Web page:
Text: S.3281 — 111th Congress (2009-2010)All Information (Except Text)

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Introduced in Senate (04/29/2010)


111th CONGRESS
2d Session
S. 3281


To expand student loan forgiveness, to provide loan repayment assistance, and for other purposes.


IN THE SENATE OF THE UNITED STATES

April 29, 2010

Mr. Specter introduced the following bill; which was read twice and referred to the Committee on Health, Education, Labor, and Pensions


A BILL

To expand student loan forgiveness, to provide loan repayment assistance, and for other purposes.

Be it enacted by the Senate and House of Representatives of the United States of America in Congress assembled,

SECTION 1. Short title; table of contents.

(a) Short title.—This Act may be cited as the “Student Loan Forgiveness and Repayment Assistance Act of 2010”.

(b) Table of contents.—The table of contents of this Act is the following:


Sec. 1. Short title; table of contents.

Sec. 2. Findings.

Sec. 101. Income-based repayment plan.

Sec. 201. Public service loan forgiveness program.

Sec. 301. Lowering of interest rates for health professions.

Sec. 401. Enhancing opportunities for minorities.

Sec. 501. Assistant Secretary for the evaluation and promotion of accessibility and affordability in higher education.

SEC. 2. Findings.

Congress finds that, according to information compiled by Campus Progress—

(1) total Federal student debt in the United States, as of 2008, is more than $617,000,000,000, according to the Department of Education;

(2) in 2008, the Advisory Committee on Student Financial Assistance estimated that between 1,700,000 to 3,200,0000 baccalaureate degrees will be lost this decade among academically qualified students because of financial barriers;

(3) the average student today graduates college with student debt 25 percent higher than that of college graduates a decade ago, and enters the job market where the average job pays college graduates less than the job would have in 2000;

(4) the average college senior graduated with $4,100 in credit card debt in 2008, according to a study by Sallie Mae, Inc., and $23,200 in student loans, according to the Institute for College Access and Success;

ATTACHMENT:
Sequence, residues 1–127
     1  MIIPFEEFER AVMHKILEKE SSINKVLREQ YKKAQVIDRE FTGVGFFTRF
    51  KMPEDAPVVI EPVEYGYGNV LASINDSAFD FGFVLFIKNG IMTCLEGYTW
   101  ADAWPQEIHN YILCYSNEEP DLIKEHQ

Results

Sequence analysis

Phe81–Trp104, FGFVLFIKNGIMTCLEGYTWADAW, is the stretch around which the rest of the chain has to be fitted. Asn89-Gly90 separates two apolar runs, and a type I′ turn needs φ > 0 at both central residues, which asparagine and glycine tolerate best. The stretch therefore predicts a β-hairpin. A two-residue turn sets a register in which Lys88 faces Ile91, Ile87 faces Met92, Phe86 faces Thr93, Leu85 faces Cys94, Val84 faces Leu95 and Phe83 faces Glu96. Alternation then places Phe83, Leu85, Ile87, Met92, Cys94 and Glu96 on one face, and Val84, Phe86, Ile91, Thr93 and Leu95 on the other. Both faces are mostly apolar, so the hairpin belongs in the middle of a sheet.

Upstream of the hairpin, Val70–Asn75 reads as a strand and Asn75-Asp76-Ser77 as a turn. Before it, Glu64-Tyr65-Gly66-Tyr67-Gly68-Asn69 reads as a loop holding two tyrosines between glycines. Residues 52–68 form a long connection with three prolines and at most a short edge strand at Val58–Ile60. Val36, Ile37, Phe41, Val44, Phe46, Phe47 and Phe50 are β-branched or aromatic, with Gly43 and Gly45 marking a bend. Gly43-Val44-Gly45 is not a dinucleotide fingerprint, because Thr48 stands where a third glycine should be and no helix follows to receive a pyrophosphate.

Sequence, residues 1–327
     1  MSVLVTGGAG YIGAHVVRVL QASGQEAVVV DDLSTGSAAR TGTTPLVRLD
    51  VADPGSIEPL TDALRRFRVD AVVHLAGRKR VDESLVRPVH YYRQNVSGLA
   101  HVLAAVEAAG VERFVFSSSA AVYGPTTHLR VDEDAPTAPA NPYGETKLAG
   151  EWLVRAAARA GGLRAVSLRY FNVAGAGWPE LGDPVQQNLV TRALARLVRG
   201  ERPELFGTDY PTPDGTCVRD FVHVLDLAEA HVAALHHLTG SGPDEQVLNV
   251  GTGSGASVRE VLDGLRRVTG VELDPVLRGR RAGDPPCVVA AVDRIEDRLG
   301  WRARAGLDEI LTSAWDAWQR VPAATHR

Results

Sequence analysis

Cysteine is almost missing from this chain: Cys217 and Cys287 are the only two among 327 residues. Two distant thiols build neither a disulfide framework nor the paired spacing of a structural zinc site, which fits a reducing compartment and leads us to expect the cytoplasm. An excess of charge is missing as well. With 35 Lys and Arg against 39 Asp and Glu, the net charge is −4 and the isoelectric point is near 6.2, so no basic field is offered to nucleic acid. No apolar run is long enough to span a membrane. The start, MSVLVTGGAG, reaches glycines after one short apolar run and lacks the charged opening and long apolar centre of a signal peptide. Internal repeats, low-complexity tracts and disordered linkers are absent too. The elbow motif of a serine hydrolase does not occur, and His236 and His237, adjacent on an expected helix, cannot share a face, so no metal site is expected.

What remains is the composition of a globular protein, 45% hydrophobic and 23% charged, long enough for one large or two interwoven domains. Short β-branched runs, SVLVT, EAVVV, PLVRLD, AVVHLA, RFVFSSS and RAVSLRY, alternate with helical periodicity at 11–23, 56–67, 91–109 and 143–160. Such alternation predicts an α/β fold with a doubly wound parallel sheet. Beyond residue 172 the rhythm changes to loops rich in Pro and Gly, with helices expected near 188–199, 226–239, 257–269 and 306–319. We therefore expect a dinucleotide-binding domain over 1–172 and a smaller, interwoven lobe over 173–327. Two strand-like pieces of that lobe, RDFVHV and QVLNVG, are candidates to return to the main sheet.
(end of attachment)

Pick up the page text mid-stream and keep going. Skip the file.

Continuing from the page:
(5) according to the Institute for College Access and Success, almost 7 in 10 college graduates are burdened with educational debt;

(6) according to a 2006 report by the United States Public Interest Research Group, student debt is outpacing the starting salaries of jobs in teaching and social work, making it virtually impossible for many debt-laden college graduates to pursue careers in fields where they are desperately needed;

(7) according to the same report, nearly 14 of all graduates from public colleges, and almost 4 in 10 graduates from private colleges, have levels of student debt that would become unmanageable on the average salary of a starting teacher;

(8) a 2002 report by the Nellie Mae Corporation found that students delay major life decisions as a result of increased student debt—38 percent of college graduates delay buying their first house because of debt, 14 percent delay marriage, and 21 percent delay having children;

(9) according to a 2006 report by the Education Trust, the highest achieving low-income high school graduates go to college at nearly the same rate as the lowest achieving students from wealthy families; and

(10) more than 60 percent of African-American, Hispanic, Native American, and Asian students face a gap between their expected family contribution, grants, and nonprivate loans and the cost of their education, according to the 2007–2008 National Postsecondary Student Aid Study.

SEC. 101. Income-based repayment plan.

Section 493C(e) of the Higher Education Act of 1965 (20 U.S.C. 1098e(e)) is amended—

(1) in paragraph (1), by striking “10 percent” and inserting “7 percent”; and

(2) in paragraph (2), by striking “20 years” and inserting “15 years”.

SEC. 201. Public service loan forgiveness program.

Section 455(m) of the Higher Education Act of 1965 (20 U.S.C. 1087e(m)) is amended—

(1) in paragraph (1)—

(A) in subparagraph (A), by striking “120”; and

(B) in subparagraph (B)(ii), by striking “120”; and

(2) by striking paragraph (2) and inserting the following:

“(2) LOAN CANCELLATION AMOUNT.—

“(A) IN GENERAL.—In the case of a borrower described in paragraph (1) who has made monthly payments as described in paragraph (1), the Secretary shall cancel the obligation to repay 5 percent of the balance of principal and interest due as of the time of such cancellation, on the eligible Federal Direct Loans made to the borrower under this part after the borrower has made each of the following number of monthly payments:

“(i) After 60 monthly payments.

“(ii) After 72 monthly payments.